ATLANTA — Many patients with severe aortic stenosis and clear indications for aortic-valve replacement fail to get surgery, according to findings in two independent reports at the annual meeting of the American College of Cardiology.
Physicians “need to tell patients they have symptomatic aortic stenosis, and without surgery their risk is very high,” said Dr. Ramdas G. Pai, senior investigator on one of the studies and medical director of the Heart and Imaging Center at Loma Linda (Calif.) University.
“Symptoms are often wrongly ascribed to chronic obstructive pulmonary disease,” he noted. In addition, “a major barrier is that patients don't want thoracotomy, and they fear physical and mental debilitation” from surgery. But “the risks from surgery are often overestimated. Even in octogenarians and nonagenarians surgical mortality [for aortic valve replacement] is 1%,” Dr Pai said.
The study from his center reviewed 187 consecutive patients diagnosed with severe aortic stenosis based on an echocardiography examination during 2006–2008 that identified an aortic valve with a surface area less than 1.0 cm
Exertional symptoms secondary to aortic stenosis occurred in 79% of the patients, including chest pain, dyspnea, or dizziness with syncope. Another 13 of the 187 patients lacked aortic stenosis symptoms but had a left ventricular ejection fraction of less than 50%, which meant that a total of 160 patients (86%) had a class 1 indication for aortic valve replacement based on existing guidelines of the American College of Cardiology and the American Heart Association, said Dr. Aman Dua, a physician at Loma Linda University who presented the report.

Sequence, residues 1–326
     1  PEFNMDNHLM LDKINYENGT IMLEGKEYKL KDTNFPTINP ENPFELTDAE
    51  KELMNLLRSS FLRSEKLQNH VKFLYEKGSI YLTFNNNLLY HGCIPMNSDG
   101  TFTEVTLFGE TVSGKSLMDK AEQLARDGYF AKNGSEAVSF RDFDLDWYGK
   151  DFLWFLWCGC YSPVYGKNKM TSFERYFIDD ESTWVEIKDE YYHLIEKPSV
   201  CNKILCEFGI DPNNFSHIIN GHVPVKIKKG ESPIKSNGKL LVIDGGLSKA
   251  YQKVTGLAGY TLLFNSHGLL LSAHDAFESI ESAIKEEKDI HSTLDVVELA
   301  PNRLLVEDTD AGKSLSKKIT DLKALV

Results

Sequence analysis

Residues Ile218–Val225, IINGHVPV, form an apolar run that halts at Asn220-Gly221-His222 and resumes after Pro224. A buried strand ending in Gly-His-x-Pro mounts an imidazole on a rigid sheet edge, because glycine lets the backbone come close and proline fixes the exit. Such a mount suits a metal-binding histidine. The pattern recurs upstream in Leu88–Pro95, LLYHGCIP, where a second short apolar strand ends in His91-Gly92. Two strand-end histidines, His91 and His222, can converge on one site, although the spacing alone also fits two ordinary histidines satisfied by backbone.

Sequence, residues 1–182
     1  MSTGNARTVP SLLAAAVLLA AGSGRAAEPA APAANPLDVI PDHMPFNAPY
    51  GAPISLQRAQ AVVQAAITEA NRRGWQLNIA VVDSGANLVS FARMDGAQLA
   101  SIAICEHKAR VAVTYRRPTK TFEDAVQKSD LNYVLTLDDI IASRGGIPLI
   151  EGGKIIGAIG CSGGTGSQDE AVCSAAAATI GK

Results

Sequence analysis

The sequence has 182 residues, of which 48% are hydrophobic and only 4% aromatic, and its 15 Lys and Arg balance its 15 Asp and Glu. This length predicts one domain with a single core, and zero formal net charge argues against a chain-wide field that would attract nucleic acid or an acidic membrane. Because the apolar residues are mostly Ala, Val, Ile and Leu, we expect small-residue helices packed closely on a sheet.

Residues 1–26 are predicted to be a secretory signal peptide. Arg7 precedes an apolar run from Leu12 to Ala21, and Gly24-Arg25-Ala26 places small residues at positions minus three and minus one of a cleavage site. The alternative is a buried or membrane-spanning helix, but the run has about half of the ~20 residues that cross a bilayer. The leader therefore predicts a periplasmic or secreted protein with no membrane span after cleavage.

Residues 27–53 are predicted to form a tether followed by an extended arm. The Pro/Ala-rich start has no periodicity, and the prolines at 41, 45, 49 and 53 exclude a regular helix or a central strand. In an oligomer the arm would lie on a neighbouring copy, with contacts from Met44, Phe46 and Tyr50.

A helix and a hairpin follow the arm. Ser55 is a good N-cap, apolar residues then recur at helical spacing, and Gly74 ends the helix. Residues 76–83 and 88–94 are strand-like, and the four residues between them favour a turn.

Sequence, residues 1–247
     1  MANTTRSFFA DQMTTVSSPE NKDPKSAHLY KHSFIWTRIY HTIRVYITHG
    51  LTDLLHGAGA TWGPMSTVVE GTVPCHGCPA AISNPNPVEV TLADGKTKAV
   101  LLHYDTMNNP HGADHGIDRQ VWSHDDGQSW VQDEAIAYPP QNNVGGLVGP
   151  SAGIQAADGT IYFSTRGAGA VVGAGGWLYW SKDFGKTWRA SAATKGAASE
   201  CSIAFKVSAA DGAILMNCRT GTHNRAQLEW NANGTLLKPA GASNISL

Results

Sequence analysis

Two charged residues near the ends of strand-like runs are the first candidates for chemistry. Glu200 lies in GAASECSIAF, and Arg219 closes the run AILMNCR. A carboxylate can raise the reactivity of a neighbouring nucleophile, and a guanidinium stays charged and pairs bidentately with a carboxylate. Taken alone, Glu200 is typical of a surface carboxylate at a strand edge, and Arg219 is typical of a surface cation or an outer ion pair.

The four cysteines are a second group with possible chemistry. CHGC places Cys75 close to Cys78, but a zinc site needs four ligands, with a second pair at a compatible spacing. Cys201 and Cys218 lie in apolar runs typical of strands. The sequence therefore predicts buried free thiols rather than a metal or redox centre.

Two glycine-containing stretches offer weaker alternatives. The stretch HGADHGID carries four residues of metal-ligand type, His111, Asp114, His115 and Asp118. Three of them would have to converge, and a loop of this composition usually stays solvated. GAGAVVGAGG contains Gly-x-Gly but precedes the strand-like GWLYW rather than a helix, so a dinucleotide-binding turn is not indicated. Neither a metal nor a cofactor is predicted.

The physicians who managed the patients referred 128 (68%) for aortic valve-replacement surgery, and 95 of these patients actually underwent replacement surgery. Among the 92 patients who did not undergo valve replacement, 39 refused surgery, physicians decided that 23 had comorbidities that precluded surgery (advanced age, frailty, dementia, chronic kidney disease, or porcelain aorta), and in 22 patients the physicians judged the aortic stenosis not severe even though it met the severity criteria of the ACC/AHA guidelines. (Dr. Dua did not provide a reason for the remaining eight patients who did not have surgery.) The decision not to have surgery originated with the patient in 42% of the 92 cases, with a cardiologist in 36%, and with a cardiac surgeon in 17%. (Dr. Duo did not report the source of the decision in the remaining 5%.)
The patients who did not undergo surgery were older, with an average age of 77 compared with an average age of 70 in those who underwent surgery; 40% were asymptomatic, compared with a 4% asymptomatic rate in the surgery patients; the patients who did not have valve replacement had larger aortic valves, with an average area of 0.77 cm
“Patient reluctance is the major factor leading to nonsurgical management,” Dr Dua said. “The physician's discussion with the patient may have a significant role in this process, he said.
The second report focused on 328 patients aged 75 or older with severe aortic stenosis (valve area less than 1.0 cm
The patients who did not undergo surgery had significantly more comorbidities, with an average Euroscore of 35%, compared with an average 15% score in the patients who had their valve replaced. The patients who did not receive valve replacement were also older, with an average age of 85, compared with an average age of 82 in those who had surgery. Advanced age constituted the sole reason for not performing surgery in 43% of the patients, age plus comorbidities explained 50% of the cases that did not have surgery, patient refusal occurred in 4% of the cases, and no reason was identified in the remaining 3%.
The analysis also documented the potential benefit from valve replacement surgery. During 2 years of follow-up, the survival rate in the 56 patients who underwent valve replacement was 88%, significantly better than the 50% survival rate in the 272 patients who did not undergo valve replacement, Dr. Jan said.
Dr. Dua and Dr. Jan said that they had no disclosures.
Doctors 'need to tell patients they have symptomatic aortic stenosis, and without surgery their risk is very high.'
Source DR. PAI